The front page “exclusive” story suggests that, at one stage, the state’s wind turbines were drawing electricity from the grid just as the state was experiencing a shortage, but the numbers it quotes are so ridiculously wrong it is almost laughable. Almost, but for the fact that so many people believe them.
The story, by The Australian‘s bureau chief Michael Owen, suggests that the state’s wind turbines were “producing about 5,780MW” between 6am and 7am, but by mid afternoon were producing “negative 50MW”.
As this analysis from Ron Brakels observes, the Murdoch media is struggling with its energy terminology, apparently not knowing the difference between capacity and output.
Let’s just make one thing clear: The state’s wind turbines cannot produce 5,780MW because they only have a combined capacity of 1,600MW. There’s not even 5,780MW of wind capacity in the whole country.
No matter, let’s presume that what Owen meant was MWh (megawatt hours) – the total being produced over a set period of time. But even here he has got the numbers hopelessly wrong. Between 6am and 7am, according to data provided by the Melbourne Energy Institute, and sourced from the Australian Energy Market Operator, the output totalled around 178MWh.
And the negative output? 50MW? Again, according to AEMO data, the biggest negative point (five minute interval) was 1.8MW, at 2.20pm. The total, between 2pm and 3pm, was a negative 0.09MWh. There were no negative output points at 1pm, as Owen claims.
Now, the critics will no doubt say that, gosh, wind wasn’t able to produce much in that period, so it must be useless. But in that week, a lot of coal-fired power wasn’t available either, with 3,200MW of units shut down at Stanwell, Liddell, Yallourn, Eraring , Gladstone, Hazelwood and even Loy Yang A – apparently due to coal quality issues.
(Boy, have there been some problems in coal supply recently. The AER, in a previous report on electricity prices, noted how Loy Yang B had suddenly withdrawn 480MW of capacity – a whole unit – because of “supply” issues. The mine is right outside the front door. The withdrawal helped push up prices by around 50 per cent).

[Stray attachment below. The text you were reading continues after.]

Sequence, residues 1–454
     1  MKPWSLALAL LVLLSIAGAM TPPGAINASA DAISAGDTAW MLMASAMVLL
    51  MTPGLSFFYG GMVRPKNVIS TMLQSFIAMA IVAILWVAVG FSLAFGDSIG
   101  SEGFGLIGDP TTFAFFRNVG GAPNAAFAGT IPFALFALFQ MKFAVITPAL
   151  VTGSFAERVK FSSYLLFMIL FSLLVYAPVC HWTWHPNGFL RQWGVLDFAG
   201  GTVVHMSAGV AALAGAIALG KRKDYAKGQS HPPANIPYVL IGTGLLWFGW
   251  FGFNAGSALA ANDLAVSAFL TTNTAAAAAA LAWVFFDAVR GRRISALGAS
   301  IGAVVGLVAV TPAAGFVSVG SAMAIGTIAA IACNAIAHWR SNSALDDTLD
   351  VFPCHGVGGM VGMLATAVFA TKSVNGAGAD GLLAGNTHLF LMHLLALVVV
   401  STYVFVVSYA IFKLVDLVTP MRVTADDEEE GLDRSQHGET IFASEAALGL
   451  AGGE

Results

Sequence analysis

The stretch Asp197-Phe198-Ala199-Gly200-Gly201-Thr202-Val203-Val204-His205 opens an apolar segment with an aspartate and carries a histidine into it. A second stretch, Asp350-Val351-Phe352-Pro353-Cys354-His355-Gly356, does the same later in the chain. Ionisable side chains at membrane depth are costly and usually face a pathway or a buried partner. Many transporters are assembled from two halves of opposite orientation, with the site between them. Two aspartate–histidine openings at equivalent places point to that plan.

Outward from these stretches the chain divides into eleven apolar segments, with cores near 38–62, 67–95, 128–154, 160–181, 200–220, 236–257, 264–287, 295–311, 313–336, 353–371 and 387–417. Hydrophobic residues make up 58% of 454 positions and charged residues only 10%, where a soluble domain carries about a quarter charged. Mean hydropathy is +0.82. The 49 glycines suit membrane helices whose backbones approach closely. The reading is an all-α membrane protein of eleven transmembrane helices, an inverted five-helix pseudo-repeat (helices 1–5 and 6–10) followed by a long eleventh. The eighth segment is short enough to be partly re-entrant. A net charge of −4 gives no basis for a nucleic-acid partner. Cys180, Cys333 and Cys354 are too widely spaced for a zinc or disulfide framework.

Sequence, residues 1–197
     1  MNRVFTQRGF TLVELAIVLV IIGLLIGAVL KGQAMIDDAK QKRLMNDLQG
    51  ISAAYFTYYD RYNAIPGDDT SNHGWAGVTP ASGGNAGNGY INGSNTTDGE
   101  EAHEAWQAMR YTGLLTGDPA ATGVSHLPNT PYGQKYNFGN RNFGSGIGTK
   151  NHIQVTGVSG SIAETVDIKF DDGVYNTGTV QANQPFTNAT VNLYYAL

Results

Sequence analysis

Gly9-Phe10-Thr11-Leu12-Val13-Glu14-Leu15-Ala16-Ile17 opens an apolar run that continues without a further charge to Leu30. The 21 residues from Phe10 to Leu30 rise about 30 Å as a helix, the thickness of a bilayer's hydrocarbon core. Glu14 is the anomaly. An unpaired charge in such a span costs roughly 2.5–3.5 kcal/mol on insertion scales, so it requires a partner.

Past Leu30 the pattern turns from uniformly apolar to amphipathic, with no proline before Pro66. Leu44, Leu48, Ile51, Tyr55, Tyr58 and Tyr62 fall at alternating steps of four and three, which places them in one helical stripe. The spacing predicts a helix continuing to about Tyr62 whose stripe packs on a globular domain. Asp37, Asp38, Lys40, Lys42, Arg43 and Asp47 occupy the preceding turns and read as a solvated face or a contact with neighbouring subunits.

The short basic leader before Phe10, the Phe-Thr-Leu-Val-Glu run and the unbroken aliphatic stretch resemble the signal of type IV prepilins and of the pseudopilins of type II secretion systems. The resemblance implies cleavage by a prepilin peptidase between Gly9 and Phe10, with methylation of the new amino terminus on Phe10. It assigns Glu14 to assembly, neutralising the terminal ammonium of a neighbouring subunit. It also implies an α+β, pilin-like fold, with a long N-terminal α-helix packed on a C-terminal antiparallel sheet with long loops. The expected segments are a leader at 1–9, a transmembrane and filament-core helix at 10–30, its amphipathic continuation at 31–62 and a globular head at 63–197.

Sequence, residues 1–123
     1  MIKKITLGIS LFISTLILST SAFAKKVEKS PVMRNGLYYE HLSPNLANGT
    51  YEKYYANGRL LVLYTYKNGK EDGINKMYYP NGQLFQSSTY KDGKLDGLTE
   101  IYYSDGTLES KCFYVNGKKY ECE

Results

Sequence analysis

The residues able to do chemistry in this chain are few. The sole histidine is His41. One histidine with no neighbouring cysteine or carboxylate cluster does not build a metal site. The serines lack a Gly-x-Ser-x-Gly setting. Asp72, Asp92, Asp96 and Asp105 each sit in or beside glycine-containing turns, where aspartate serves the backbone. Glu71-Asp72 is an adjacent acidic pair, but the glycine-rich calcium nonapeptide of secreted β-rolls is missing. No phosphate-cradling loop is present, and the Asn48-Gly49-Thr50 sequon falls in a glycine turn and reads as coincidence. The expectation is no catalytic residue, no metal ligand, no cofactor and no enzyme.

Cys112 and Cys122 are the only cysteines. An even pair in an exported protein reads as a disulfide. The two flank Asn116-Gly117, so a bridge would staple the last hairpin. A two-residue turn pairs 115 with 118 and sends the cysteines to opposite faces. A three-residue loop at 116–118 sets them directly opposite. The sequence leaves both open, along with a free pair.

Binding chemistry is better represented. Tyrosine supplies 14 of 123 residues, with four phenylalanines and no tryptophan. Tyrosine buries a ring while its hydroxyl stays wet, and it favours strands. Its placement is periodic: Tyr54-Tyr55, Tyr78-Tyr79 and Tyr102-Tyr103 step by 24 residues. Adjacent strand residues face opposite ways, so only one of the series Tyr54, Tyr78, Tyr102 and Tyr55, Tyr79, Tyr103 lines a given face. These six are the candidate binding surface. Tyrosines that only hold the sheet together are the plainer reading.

Clearly, The Australian is not trying hard enough to get a broader perspective, and acknowledge the role of gas prices, problems with transmission wire infrastructure, and other factors – as we’ve noted here and here.
Sloan was upset about the price spikes that went up to about $1,000/MWh during the period. “How could this happen? How could it go so wrong for South Australia?” she wrote.
“South Australia is paying a heavy price for its misguided energy policy, potentially leading to the further deindustrialisation of the state while also reducing its citizens’ living standards. But the real tragedy is that this outcome was entirely foreseeable.”
Well, no, no, no, no and no. As we wrote yesterday, South Australia used to have these sorts of price spikes as a matter of course, before wind and solar even turned up, because of the reliance on expensive gas, and the supply constraints of being at the end of the grid. (This graph below shows the number of price spikes above $5,000/MWh).
As energy minister Tom Koutsantonis told the ABC today, that’s precisely why they encouraged investments in wind and solar, to bring costs down, and that has largely succeeded.
And here’s another graph from the MEI, just to reinforce the link between rising gas prices and rising electricity costs. But this is not something that The Australian has chosen to focus on.
To adapt an old expression, there are lies, damned lies, and the Murdoch media, particularly when it comes to writing about renewable energy (and climate change for that matter). So much so, we might have to launch a new website – or at least a new section – to produce a daily fact-check. We think we’ll call it, The UnAustralian.
P.S. So why do wind farms have “negative” output? That’s because if the turbine is not generating, then the facility needs power from the grid for lights, computers, etc, just as a gas or coal plant does when it is shut down for repairs or maintenance, or in the case of Loy Yang B, because it cannot find any coal that it is able to put into its boilers.
Another myth you will often hear, in the conservative press usually, such as The Daily Mail on this occasion, is that wind turbines generally consume as much as they produce. Again, nonsense.
This vertical graph to the right shows how much wind is produced by a single turbine, and how much it consumes. If you got to this link, there is another graph that shows how much fossil fuel plants use of their own energy. If they ever work out a way to do CCS economically, that percentage will sky-rocket.
Editors note: This story has been updated from original to include the gas price chart.